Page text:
• Björn Koslowski

Accessing Vietnamese Partners Through the Circle of Trust

Updated: Mar 27, 2020


Many of our customers have substantial business in China. They often describe their Chinese partners as “savvy”, “hungry for contract closures” and even “overselling themselves”. When going into Vietnam they soon realize the similarities with its northern neighbor. Both cultures are influenced by Confucianism, Mahayana Buddhism and Taoism, both economies are communist but integrating into the global market economy and both are developing into industrial powerhouses. Albeit, Vietnamese companies are not as easily approachable as their Chinese peers. There seems to be a certain lack of sales acumen despite their similar background. Following, we will try to examine this phenomenon through the concept of the “Circle of Trust”.

Challenges: Finding and Contacting Potential Partners


It is not easy to find Vietnamese companies on the internet. For western companies, the first step of business partner searches in most cases is a website query. However, often the searchers are not able to find suitable companies or contact persons. This typically plays out in three ways: 1) Partners do not offer websites at all or they are not findable, 2) websites are not in English, 3) relevant data, e.g. on products, is missing on the homepages.


If foreign companies nevertheless are able to find potential partners, they typically try cold calling them by phone. When calling central phone numbers in English local receptionists are reportedly just hanging up the earpiece without much further explanation. In other cases Vietnamese companies – admirably – display names and cell phone numbers of their staff. However – to no avail – we repeatedly hear that these personnel do not take calls. That most Vietnamese companies do not reply to e-mails from new contacts in this context seems to be almost a no-brainer.


So, why is finding and contacting Vietnamese partners so difficult? We will try to explain…


Sales Approach: The Circle of Trust


A Vietnamese customer once told me: “Within a business relation in Vietnam, it is believed that one party wins while the other loses.” In contrary to the western believe of mutual benefit of economic relationships this original tone would imply that in Vietnamese business one side would tend to fool the other when exchanging goods and services. And indeed, we hear of a lot of distrust in local business relationships. For this reason, a lot of local companies trust on a network of established contacts with whom they do business. We are informally calling this the “Circle of Trust”.

The Circle of Trust is quite effective for running business. Transactions may be carried out in a fast and smooth manner as concerned parties know each other well. New products/services can be introduced very efficiently into the network. For this reason, foreign companies will often experience that sales turnover is rising fast when entering the market through a local distributor which will activate its existing network. However, after some time sales will flatten out and not increase anymore. This typically occurs when the distributor has exhausted her existing sales network. “Cold calling” at new customers seems to be very difficult out of above-mentioned reasons. This effect also weighs on companies that want to source something from a new supplier. They will often not get access due to trust issues.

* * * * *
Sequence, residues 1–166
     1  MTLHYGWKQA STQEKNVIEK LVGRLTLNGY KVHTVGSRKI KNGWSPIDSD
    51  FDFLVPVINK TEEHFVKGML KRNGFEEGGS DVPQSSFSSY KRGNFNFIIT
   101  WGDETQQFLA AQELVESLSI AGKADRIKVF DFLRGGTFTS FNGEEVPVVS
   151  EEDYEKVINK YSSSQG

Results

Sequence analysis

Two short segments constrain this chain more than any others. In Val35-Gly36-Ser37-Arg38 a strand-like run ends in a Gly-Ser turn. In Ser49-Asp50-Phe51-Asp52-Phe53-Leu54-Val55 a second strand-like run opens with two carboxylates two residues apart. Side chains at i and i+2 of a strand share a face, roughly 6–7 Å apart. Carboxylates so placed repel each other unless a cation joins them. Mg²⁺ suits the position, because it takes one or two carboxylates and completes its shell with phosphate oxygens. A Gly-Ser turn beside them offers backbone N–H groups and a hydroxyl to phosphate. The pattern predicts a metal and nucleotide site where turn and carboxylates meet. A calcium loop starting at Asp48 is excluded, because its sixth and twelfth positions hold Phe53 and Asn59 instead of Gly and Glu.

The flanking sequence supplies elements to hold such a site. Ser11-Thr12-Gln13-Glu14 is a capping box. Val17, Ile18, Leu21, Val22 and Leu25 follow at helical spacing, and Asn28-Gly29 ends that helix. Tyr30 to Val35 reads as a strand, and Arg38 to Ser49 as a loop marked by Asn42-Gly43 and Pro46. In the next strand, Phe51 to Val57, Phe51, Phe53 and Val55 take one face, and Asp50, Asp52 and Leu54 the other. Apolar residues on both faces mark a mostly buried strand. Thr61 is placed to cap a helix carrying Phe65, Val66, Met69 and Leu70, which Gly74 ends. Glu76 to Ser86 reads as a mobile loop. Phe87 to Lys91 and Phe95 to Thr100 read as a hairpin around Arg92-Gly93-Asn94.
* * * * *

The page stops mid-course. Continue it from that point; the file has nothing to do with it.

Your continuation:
To alleviate concerns over potential trickery of new business partners many companies therefore try to employ trusted contacts to expand their network. When opening new business, they will ask or be asked by a trustee for a hint for a promising new relation. The trustee will act as kind of a guarantor for this entree; sometimes for an informal fee. Thanks to this trustee the Circle of Trust will eventually grow larger and include the outsider (who is now an “insider”). This concept explains why many local companies do not make use of modern “transparent” means of marketing such as websites and trade fairs.

Therefore, business in Vietnam - even more than in other places - is a “people´s business”. Foreign entities must put a lot of efforts not only into establishing a relationship but also to maintain and grow it. To sustain the Circle of Trust or to move closer to the partner a foreign business should personally meet their partners several times a year if possible. Within these visits joint customer meetings might be done as it always looks good if a foreign representative of the supplier pops in (sales side) or technical issues might be discussed (sourcing side). But this is just one part of the show. Typically, there will also be “entertainment” for the guests. Foreigners should therefore brace themselves for lavish dinners, heavy drinking bouts and extensive Karaoke sessions. These activities have the purpose to deepen the relationships between both partners. If a foreign entity wants to be successful in Vietnam it often cannot and should not “escape” being entertained by its host; at least to a certain degree.


If fully embraced, the Circle of Trust can be a wonderful thing. Many of our customers report of their fantastic relationship with their local partners and how well they are being treated in Vietnam. And of course, a functioning Circle of Trust may also be reflected in rising sales numbers and bonuses.


Our organization has played the role of a “trustee” numerous times. We have a great network and reputation that we are providing to our customers. By employing our services, a lot of companies have successfully found their way into the Circles of Trust of their partners of choice. More information: https://www.deinternationalvietnam.com/business-partner-search




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